As Malibu residents begin returning to areas impacted by the Woolsey Fire, Los Angeles County has provided guidance on how to remove ordinary household waste, as well as ash and debris, from properties within the fire burn area.
Residents are prohibited from removing fire-related debris until it is inspected.
“Ash and debris that remains from a structure that was destroyed in the wildfires contain hazardous waste and materials that can threaten public health,” information provided by the county stated. “Therefore, the Los Angeles County Public Health Officer declared a Local Health Emergency on Nov. 12, 2018 which prohibits the removal of fire debris until an inspection of the debris is conducted by either state, federal, or local hazardous materials agencies.”
Debris bins may not be delivered to affected areas without LA County Fire Department approval. Owners who opt out of the county-sponsored program must register for approval from the county, “and must conduct their private debris removal, transport, and disposal in a manner that does not endanger the community.”
Information on that process was still forthcoming by Saturday, Nov. 17.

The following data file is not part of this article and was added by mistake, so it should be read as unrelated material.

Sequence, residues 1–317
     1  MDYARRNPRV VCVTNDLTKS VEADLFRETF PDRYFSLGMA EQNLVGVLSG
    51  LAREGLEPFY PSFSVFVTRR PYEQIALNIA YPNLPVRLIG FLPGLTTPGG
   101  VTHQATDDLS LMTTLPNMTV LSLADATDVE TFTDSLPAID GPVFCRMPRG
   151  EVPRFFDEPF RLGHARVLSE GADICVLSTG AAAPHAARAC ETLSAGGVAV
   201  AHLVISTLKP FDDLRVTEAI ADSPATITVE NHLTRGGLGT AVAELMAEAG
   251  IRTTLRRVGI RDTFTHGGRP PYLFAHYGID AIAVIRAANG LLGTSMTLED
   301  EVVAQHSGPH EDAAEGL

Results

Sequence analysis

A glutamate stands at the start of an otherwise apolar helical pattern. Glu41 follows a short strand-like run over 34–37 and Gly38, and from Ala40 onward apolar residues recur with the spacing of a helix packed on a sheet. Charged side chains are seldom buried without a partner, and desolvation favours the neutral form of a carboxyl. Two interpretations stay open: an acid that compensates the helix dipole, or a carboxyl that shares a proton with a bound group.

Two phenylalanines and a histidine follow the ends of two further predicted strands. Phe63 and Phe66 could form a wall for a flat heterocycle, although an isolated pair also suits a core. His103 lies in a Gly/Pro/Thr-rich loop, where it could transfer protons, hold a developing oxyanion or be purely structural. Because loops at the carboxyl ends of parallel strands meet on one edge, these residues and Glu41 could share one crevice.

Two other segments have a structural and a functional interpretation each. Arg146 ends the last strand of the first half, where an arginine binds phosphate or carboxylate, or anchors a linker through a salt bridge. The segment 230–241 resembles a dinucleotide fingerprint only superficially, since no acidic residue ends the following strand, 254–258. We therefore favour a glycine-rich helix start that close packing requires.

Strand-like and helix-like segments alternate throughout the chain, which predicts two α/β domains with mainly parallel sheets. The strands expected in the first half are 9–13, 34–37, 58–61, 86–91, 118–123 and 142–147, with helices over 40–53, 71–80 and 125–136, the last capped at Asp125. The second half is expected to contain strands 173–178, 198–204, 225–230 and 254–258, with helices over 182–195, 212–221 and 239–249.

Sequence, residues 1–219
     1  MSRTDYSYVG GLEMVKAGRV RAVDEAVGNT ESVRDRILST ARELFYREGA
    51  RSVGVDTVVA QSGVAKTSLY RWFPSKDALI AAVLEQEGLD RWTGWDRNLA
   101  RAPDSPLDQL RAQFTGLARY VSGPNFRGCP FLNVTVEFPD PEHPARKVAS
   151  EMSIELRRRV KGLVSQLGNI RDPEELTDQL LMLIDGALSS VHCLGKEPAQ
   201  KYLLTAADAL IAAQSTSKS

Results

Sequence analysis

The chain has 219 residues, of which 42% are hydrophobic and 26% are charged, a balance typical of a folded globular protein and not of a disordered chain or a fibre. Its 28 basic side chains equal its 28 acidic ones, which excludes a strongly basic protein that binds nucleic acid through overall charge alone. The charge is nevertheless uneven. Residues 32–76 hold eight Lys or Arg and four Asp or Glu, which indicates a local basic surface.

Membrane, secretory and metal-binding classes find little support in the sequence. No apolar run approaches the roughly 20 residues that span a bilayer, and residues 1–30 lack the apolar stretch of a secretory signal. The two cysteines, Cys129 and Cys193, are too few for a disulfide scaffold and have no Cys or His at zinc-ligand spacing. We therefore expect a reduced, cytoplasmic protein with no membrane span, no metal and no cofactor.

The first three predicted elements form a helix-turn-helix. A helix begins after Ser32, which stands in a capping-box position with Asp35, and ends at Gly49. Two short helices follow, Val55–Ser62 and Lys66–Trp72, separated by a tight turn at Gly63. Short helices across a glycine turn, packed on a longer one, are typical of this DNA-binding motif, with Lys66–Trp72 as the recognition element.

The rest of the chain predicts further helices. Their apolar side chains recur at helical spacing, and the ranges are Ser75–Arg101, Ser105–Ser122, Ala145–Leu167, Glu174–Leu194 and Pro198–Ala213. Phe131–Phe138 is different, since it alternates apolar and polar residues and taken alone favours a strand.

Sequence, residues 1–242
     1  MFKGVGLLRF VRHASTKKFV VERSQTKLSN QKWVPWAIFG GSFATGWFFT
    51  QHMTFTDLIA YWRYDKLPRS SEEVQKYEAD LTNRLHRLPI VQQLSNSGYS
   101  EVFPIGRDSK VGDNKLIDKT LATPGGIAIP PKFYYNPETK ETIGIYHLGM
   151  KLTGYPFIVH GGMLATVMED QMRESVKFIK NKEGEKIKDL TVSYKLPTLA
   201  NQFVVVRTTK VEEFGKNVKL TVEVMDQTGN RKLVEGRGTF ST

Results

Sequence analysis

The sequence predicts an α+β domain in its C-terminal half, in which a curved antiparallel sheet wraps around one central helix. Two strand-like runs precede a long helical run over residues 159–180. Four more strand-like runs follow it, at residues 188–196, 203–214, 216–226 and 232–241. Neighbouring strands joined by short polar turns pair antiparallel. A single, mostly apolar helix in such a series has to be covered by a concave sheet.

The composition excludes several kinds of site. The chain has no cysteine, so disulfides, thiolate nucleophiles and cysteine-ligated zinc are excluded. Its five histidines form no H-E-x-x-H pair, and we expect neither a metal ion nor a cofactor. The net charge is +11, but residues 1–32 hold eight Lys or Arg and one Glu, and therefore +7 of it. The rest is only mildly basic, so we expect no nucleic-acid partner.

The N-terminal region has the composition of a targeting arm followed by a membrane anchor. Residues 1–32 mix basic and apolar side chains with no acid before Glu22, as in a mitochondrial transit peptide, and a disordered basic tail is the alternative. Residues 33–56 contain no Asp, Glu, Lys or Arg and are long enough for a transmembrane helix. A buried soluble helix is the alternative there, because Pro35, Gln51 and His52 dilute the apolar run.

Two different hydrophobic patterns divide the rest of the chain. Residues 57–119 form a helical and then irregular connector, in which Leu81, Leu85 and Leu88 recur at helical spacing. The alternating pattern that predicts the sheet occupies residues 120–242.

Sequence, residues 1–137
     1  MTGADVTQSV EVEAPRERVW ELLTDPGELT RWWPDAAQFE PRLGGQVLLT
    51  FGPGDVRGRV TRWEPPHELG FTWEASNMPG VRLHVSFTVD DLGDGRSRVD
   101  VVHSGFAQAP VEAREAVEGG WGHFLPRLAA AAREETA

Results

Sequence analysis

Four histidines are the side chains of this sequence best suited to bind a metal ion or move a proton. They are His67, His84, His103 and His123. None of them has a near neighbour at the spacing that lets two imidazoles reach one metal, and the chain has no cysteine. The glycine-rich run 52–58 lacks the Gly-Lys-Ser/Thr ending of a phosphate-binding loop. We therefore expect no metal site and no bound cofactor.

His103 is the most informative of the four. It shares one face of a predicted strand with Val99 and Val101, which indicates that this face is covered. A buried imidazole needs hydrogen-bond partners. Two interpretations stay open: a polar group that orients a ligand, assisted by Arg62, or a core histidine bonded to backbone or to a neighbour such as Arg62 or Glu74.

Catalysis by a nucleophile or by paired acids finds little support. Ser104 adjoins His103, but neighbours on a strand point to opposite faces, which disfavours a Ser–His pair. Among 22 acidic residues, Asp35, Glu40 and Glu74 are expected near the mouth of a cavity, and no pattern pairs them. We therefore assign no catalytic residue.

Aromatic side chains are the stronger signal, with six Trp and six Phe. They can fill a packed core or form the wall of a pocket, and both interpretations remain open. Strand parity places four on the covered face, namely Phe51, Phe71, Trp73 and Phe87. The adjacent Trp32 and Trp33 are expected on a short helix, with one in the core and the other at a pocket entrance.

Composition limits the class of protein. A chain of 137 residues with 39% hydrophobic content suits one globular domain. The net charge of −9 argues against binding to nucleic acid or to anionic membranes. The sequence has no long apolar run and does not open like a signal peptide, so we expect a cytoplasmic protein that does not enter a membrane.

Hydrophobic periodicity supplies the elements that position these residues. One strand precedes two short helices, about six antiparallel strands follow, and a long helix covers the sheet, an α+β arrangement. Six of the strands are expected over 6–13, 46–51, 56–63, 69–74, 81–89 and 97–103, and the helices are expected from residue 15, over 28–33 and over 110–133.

Residents may place their trash bins out for collection on their ordinary pick-up days. For the next “few weeks,” according to information from the county, residents may fill up to five excess trash bags for pick up on each designated pick-up day. Spoiled food is included in this ordinary trash pickup; guidelines for how to tell if food is spoiled are provided at the bottom of the page.
Due to the heat of the fire, some trash carts have melted. Damaged or destroyed carts should be reported for replacement.
When it comes to hazardous waste, residents can bring items and containers to 23519 W. Civic Center Way on Dec. 1, between 9 a.m. and 3 p.m. or to one of the permanent collection centers. Contact CleanLA.com or call 888.Clean.LA (888.253.2652) for more locations.
For excess waste: “Three times per year, you may call in to arrange the pickup of 10 bulky
items, 10 bundles of green waste, and/or five bags of excess waste. Bulky items include construction and demolition debris of up to two 70-pound bundles, not exceeding four feet in length,” the county stipulated. Those ordinary stipulations have not been lifted.
The LA County Department of Public Health recommends the following:
– If a power outage lasts several hours, it is best to throw away perishable food items such as meat, dairy products and eggs.
– Items that have thawed in the freezer should be thrown away. Do not re-freeze thawed food. All other food items should be inspected to ensure safety. Remember, “if in doubt, throw it out.”